You've just had one sumptuous, nutritious dinner five minutes back. But as you sit down to watch TV, you're again feeling the need for something sweet or salty.
Why is it happening? Whereas we should feel full, our cravings never fail to get the best of us and in the next half an hour, an entire block of chocolate disappears. If this applies pretty well to you, then you're not alone.
There can be plenty of reasons for which we feel hungry even when we've eaten. They range from issues that are not necessarily under your control, like thyroid, to lifestyle issues such as high stress levels to lack of sleep, that you might actually alter.
And there steps in the necessity to identify our triggers in order to stay happy and healthy.
So, in order to help you better comprehend why you're constantly feeling hungry, in this article we're jotting down the 5 most probable reasons along with a cure for each. We'll, as well, find strategies to curb emotional eating and regulate appetite.
The causes behind you always feeling hungry are:
1. Your Body Actually Needs Food
2. You Didn't Have A Big-Enough Breakfast
3. Stop Being So Stressed
4. You're Not Sleeping Enough
5. You're Not Drinking Sufficient Water
1. Your Body Actually Needs Food-: Sometimes, one of the things that signals hunger is our decreasing blood glucose levels. In those moments, look for signs like if the hunger is hitting in slowly (as emotional hunger tends to come on quickly). Or listen for those stomach growls and check if you're still hungry even after drinking a big glass of water.
Solution- Try eating regular, nutritious meals and snacks throughout the day. And also include more dietary fat from whole food sources in your diet.
2. You Didn't Have A Big-enough Breakfast:- Mothers are right: breakfast, indeed, is the most important meal of the day. A long-term study by the University of Cambridge indicated that people consuming 300 calories for breakfast gained twice as much weight when compared to those eating 500 calories or more.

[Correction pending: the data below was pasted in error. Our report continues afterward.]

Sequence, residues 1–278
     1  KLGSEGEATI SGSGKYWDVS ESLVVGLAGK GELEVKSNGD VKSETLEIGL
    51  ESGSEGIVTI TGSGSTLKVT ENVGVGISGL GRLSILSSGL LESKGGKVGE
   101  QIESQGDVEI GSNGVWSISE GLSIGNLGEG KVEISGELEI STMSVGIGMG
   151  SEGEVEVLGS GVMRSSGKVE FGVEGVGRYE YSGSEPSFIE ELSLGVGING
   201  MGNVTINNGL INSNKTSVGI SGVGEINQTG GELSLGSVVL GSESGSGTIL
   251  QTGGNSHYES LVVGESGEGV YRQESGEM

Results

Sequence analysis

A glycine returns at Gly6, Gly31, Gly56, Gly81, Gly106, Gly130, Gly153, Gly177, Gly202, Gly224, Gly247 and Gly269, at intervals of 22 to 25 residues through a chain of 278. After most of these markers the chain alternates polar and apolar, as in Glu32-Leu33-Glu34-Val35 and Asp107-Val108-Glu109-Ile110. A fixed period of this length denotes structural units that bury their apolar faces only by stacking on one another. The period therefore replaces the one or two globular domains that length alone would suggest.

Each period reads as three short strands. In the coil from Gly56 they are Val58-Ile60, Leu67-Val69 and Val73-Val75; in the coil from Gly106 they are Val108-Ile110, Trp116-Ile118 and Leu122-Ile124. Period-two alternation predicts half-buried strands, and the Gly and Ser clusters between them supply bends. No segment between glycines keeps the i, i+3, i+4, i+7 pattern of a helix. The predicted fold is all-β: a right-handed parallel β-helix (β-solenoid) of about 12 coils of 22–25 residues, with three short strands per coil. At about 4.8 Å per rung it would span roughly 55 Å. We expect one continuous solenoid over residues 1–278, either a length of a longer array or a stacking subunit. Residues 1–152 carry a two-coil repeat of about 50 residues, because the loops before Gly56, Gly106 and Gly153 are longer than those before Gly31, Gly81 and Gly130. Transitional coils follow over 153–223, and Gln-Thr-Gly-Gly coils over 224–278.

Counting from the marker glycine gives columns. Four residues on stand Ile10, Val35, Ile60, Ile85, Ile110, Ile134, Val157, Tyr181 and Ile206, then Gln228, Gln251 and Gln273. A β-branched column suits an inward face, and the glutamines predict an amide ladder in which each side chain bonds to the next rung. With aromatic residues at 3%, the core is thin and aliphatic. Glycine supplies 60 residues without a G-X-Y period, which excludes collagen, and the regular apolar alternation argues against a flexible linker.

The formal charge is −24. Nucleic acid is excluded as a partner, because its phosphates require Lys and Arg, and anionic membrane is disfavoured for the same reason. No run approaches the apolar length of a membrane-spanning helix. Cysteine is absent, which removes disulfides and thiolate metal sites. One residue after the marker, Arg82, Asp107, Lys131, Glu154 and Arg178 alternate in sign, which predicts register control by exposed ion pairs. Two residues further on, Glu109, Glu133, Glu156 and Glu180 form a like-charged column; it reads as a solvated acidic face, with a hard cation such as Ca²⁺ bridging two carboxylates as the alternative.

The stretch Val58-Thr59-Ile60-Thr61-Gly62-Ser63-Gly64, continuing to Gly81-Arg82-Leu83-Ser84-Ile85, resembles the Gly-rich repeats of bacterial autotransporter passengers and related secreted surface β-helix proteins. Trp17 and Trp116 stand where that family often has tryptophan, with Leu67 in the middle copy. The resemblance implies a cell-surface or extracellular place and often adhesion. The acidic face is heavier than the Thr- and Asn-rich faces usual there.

Reason? Having a filling breakfast incurs smaller rises in blood sugar and insulin, all day long, which implies fewer sudden food cravings.
Solution- Add protein to your meal like sausages with eggs. Also, having leafy greens helps quash cravings as they're high in vitamin K, an insulin-regulating nutrient.
3. Stop Being So Stressed:- So, the relation between stress and hunger is a bit complex; but let us simplify it for you. When we're in stress, our body produces hormones like adrenaline and cortisol. But there are multiple other reasons also which lead to the secretion of adrenaline-it might be because of a genuine threat to our life to a situation when we've got six new deadlines on our desk.
And sadly, our body has not yet learned to decipher the difference between the two; it's all the same thing to our bodies. And when our bodies start producing more stress hormones, which stimulate higher circulating levels of adrenaline, we demand (from inside) a 'fuel' to power us out of the danger that the body thinks to be in. And this results in hunger cues.
Solution- First, reduce caffeine intake. Practice deep breathing. Make a breath-focused practice constant, the first thing after you wake up-it can be meditation, tai chi, yoga, or anything related to breath awareness.
4. You're Not Sleeping Enough:- Sleep enormously affects your appetite. Science has now concluded that when people don't get enough sleep, the two main hormones controlling satiety and appetite (respectively, leptin and ghrelin) change. So, biochemically you're driven to want to eat more when you haven't had enough sleep.
Solution- Make sure to get eight hours of sleep per night. Having a constant bedtime and waking time also helps.
5. You're Not Drinking Sufficient Water: Dehydration often takes the shape of hunger. When dehydrated, your hypothalamus-the part of the brain responsible for hunger and thirst-sends you mixed signals, compelling you to think that you need to munch, although what you really need is nothing but a glass of water.
Solution- If you're still feeling hungry even after eating a big meal, try drinking a glass of water. You're likely to find that you don't really need that extra mashed potato after all.
Bottomline, your hunger, more than often, is a result of imbalanced hunger hormones. They happen owing to a variety of reasons, including inappropriate diet and certain lifestyle habits. If you constantly feel hungry, it may be beneficial to consult a nutritionist who can determine if there are changes required to help you feel more full.
If you've any question for us, feel free to drop a comment below. We'll be more than happy to resolve it.
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